Beethoven: Serenade in D Major, Op. 8
Mozart: Divertimento in E Flat Major, K. 563
On my last day in Prague, good timing gave me the opportunity to indulge not once, but twice in live classical music. The Czech Philharmonic Orchestra had been planned for a while, but the city had turned out to be an endless source of concerts in churches and other informal venues, and the Beethoven-Mozart double bill presented by a local string trio in the historical Church of Saint Nicholas on the Old Town Square was just too good to pass. The setting was just lovely, all white walls with discreet black ironwork and gilded decorations, the colorful paintings being relegated to the ceiling. The concert's organizers were obviously taking the audience's enjoyment seriously because at starting time, the doors were closed and nobody else was allowed in, thus preventing any disturbances by casual visitors or late-comers.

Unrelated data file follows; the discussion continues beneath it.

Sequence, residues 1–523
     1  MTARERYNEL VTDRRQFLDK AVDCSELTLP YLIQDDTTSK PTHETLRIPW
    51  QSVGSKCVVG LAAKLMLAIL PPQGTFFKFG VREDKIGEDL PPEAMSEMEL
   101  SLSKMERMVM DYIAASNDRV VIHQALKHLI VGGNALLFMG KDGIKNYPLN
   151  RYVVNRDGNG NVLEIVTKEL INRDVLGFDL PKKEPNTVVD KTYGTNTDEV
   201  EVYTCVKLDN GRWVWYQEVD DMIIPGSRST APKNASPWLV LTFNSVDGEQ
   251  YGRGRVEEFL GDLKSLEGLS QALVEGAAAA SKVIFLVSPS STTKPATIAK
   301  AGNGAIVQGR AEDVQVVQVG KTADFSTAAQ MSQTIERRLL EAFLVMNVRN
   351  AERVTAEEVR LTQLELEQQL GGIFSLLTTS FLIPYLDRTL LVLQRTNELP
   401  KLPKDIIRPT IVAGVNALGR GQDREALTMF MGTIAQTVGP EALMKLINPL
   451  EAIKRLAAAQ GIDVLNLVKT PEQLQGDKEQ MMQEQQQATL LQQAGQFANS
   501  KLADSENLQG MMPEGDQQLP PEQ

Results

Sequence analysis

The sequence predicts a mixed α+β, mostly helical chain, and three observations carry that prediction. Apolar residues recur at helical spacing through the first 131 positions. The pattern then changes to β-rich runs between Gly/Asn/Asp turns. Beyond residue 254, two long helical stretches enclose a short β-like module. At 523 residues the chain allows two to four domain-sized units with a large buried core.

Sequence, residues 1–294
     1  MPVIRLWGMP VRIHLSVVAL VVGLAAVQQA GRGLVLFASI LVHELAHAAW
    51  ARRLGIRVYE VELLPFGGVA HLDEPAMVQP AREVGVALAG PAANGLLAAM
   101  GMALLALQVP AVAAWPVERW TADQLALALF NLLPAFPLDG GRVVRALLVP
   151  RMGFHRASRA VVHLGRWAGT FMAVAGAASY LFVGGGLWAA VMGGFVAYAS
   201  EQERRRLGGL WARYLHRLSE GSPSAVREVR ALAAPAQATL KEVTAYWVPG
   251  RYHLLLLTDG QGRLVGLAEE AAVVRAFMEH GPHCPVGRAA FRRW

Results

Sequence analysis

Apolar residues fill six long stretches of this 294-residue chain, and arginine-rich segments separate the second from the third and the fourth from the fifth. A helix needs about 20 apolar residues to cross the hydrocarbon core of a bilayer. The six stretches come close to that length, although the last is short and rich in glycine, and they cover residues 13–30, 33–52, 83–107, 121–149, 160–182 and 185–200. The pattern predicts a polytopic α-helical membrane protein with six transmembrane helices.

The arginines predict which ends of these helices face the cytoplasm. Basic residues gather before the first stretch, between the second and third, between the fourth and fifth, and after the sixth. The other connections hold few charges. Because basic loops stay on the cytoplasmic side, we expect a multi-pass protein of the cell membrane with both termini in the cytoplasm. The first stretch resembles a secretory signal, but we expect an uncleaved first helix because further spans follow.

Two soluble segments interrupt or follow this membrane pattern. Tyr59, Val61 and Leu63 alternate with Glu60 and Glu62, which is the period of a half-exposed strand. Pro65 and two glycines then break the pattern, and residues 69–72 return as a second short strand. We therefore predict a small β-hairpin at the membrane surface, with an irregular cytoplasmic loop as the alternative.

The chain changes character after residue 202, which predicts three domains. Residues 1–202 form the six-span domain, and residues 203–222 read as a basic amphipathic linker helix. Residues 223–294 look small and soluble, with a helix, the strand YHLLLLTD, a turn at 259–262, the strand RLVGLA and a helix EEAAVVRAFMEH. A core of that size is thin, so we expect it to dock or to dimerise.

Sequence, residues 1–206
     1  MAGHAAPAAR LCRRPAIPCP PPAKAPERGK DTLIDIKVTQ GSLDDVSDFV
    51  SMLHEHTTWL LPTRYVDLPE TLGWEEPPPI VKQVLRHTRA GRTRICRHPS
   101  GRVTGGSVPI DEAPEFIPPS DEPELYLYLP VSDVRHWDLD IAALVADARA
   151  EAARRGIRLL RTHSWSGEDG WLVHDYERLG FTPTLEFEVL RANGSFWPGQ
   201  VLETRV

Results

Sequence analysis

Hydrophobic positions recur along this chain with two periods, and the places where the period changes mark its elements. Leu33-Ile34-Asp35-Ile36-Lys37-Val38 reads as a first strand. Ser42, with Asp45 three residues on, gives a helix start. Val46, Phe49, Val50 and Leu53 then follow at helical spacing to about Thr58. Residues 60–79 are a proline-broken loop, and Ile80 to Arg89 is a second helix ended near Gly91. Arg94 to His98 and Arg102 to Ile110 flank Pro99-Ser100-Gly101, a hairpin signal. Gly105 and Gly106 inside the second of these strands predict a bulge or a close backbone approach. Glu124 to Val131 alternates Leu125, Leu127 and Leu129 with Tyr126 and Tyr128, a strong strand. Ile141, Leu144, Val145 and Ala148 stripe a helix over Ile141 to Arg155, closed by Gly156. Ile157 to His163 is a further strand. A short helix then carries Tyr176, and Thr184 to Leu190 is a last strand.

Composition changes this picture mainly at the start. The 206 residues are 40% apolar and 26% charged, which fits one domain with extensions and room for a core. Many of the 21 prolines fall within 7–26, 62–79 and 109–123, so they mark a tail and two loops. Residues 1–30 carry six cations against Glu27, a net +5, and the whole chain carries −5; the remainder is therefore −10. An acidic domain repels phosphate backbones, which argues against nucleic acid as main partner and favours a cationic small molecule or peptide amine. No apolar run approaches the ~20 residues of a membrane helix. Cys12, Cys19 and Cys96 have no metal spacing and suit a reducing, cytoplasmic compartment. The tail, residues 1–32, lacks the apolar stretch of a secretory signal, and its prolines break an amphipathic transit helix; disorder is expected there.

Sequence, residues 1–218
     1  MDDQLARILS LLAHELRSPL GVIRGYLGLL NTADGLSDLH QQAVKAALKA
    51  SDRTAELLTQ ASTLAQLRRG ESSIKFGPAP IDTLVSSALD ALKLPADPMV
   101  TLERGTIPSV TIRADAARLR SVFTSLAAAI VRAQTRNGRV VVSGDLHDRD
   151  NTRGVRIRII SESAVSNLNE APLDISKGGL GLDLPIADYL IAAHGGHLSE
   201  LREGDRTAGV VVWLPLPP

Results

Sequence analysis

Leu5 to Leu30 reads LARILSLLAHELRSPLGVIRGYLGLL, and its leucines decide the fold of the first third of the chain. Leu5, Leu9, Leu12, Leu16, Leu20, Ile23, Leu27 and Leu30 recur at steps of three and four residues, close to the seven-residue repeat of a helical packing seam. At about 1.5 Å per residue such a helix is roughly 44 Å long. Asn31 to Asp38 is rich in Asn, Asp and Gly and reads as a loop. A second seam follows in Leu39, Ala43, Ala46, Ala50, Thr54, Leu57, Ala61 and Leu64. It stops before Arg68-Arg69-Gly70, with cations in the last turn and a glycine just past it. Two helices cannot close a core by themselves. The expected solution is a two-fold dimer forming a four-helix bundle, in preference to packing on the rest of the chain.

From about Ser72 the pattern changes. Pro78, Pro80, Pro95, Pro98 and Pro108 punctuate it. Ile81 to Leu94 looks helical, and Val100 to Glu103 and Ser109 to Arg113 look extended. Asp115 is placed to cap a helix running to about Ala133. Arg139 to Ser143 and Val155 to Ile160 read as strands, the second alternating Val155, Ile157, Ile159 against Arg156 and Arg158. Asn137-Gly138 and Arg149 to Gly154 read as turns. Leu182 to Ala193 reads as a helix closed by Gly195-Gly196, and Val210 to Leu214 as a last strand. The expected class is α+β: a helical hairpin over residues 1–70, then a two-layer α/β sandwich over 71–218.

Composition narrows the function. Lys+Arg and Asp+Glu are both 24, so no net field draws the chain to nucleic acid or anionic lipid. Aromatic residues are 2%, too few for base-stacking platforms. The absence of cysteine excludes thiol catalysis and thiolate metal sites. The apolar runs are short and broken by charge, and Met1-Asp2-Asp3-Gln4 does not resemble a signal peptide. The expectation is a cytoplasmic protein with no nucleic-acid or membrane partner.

Beethoven's serenade, by turns playful and romantic, rose beautifully in the serene environment. It was such a pleasure to finally be able to hear truly inspiring music in such optimum conditions! A nostalgic whiff of my recent wonderful stay in the Austrian capital came and stayed as the musicians did wonders channeling the Viennese master.
Not to be outdone, Mozart's divertimento was Prague's adopted son at his finest, all intricate melodies and refined entertainement. My busy schedule may not have allowed me to see the famous puppet show of Don Giovanni, but at least I got to enjoy a full-scale work by its composer, and I was happy to settle for that.